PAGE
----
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Docosahexaenoic acid and the preterm infant

Overview of attention for article published in Maternal Health, Neonatology and Perinatology, December 2017
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1 tweeter
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Citations

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33 Mendeley
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Title
Docosahexaenoic acid and the preterm infant
Published in
Maternal Health, Neonatology and Perinatology, December 2017
DOI 10.1186/s40748-017-0061-1
Pubmed ID
Authors

Stephanie L. Smith, Christopher A. Rouse

Abstract

Docosahexaenoic acid (DHA) is a long chain poly-unsaturated fatty acid (LCPUFA) that has a role in the cognitive and visual development, as well as in the immune function of newborns. Premature infants are typically deficient in DHA for several reasons, to include fetal accretion of DHA that typically occurs during the third trimester. These premature infants are reliant on enteral sources of DHA, most commonly through breast milk. The DHA content in breast milk varies in direct correlation with maternal DHA intake and mothers consuming a Western diet typically have lower levels of DHA in their breast milk. Maternal DHA supplementation and direct supplementation of DHA to the infant has been tried successfully but there are still conflicting results on the optimal dosage and method of delivery of DHA to the infant. This has led to inconsistent results in trials evaluating the effects of DHA supplementation to the preterm infant in terms of cognitive and immunological outcomes. While short-term benefits have been seen in several studies, long-term benefits are not consistent. Future studies continue to be needed to optimize DHA intake in our premature infants.

Twitter Demographics

The data shown below were collected from the profile of 1 tweeter who shared this research output. Click here to find out more about how the information was compiled.

Mendeley readers

The data shown below were compiled from readership statistics for 33 Mendeley readers of this research output. Click here to see the associated Mendeley record.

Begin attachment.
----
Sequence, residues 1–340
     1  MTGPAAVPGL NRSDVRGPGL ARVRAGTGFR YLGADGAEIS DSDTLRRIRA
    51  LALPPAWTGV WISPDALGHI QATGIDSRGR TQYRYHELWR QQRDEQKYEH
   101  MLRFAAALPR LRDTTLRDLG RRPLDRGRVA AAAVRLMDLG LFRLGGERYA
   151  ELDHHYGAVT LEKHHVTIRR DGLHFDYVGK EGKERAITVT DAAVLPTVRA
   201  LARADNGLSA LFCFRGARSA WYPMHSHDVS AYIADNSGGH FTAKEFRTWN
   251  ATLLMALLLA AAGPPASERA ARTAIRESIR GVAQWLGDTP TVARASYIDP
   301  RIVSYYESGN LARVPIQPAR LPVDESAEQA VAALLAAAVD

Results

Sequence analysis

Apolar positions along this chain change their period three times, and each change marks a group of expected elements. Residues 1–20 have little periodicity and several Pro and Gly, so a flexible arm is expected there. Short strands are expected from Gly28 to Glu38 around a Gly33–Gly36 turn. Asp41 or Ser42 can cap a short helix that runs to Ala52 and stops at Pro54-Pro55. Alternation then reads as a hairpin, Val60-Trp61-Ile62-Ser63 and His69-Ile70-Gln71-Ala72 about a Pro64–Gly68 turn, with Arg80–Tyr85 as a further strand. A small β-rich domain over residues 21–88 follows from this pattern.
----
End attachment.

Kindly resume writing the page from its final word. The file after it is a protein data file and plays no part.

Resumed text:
Geographical breakdown

Country Count As %
Unknown 33 100%

Demographic breakdown

Readers by professional status Count As %
Researcher 6 18%
Student > Ph. D. Student 5 15%
Student > Master 4 12%
Other 3 9%
Student > Bachelor 2 6%
Other 6 18%
Unknown 7 21%
Readers by discipline Count As %
Medicine and Dentistry 9 27%
Agricultural and Biological Sciences 5 15%
Biochemistry, Genetics and Molecular Biology 4 12%
Nursing and Health Professions 3 9%
Neuroscience 2 6%
Other 1 3%
Unknown 9 27%

Attention Score in Context

This research output has an Altmetric Attention Score of 1. This is our high-level measure of the quality and quantity of online attention that it has received. This Attention Score, as well as the ranking and number of research outputs shown below, was calculated when the research output was last mentioned on 11 February 2020.
All research outputs
#11,010,608
of 14,493,329 outputs
Outputs from Maternal Health, Neonatology and Perinatology
#44
of 60 outputs
Outputs of similar age
#239,838
of 360,118 outputs
Outputs of similar age from Maternal Health, Neonatology and Perinatology
#2
of 2 outputs
Altmetric has tracked 14,493,329 research outputs across all sources so far. This one is in the 20th percentile – i.e., 20% of other outputs scored the same or lower than it.
So far Altmetric has tracked 60 research outputs from this source. They typically receive more attention than average, with a mean Attention Score of 7.7. This one is in the 25th percentile – i.e., 25% of its peers scored the same or lower than it.
Older research outputs will score higher simply because they've had more time to accumulate mentions. To account for age we can compare this Altmetric Attention Score to the 360,118 tracked outputs that were published within six weeks on either side of this one in any source. This one is in the 27th percentile – i.e., 27% of its contemporaries scored the same or lower than it.
We're also able to compare this research output to 2 others from the same source and published within six weeks on either side of this one.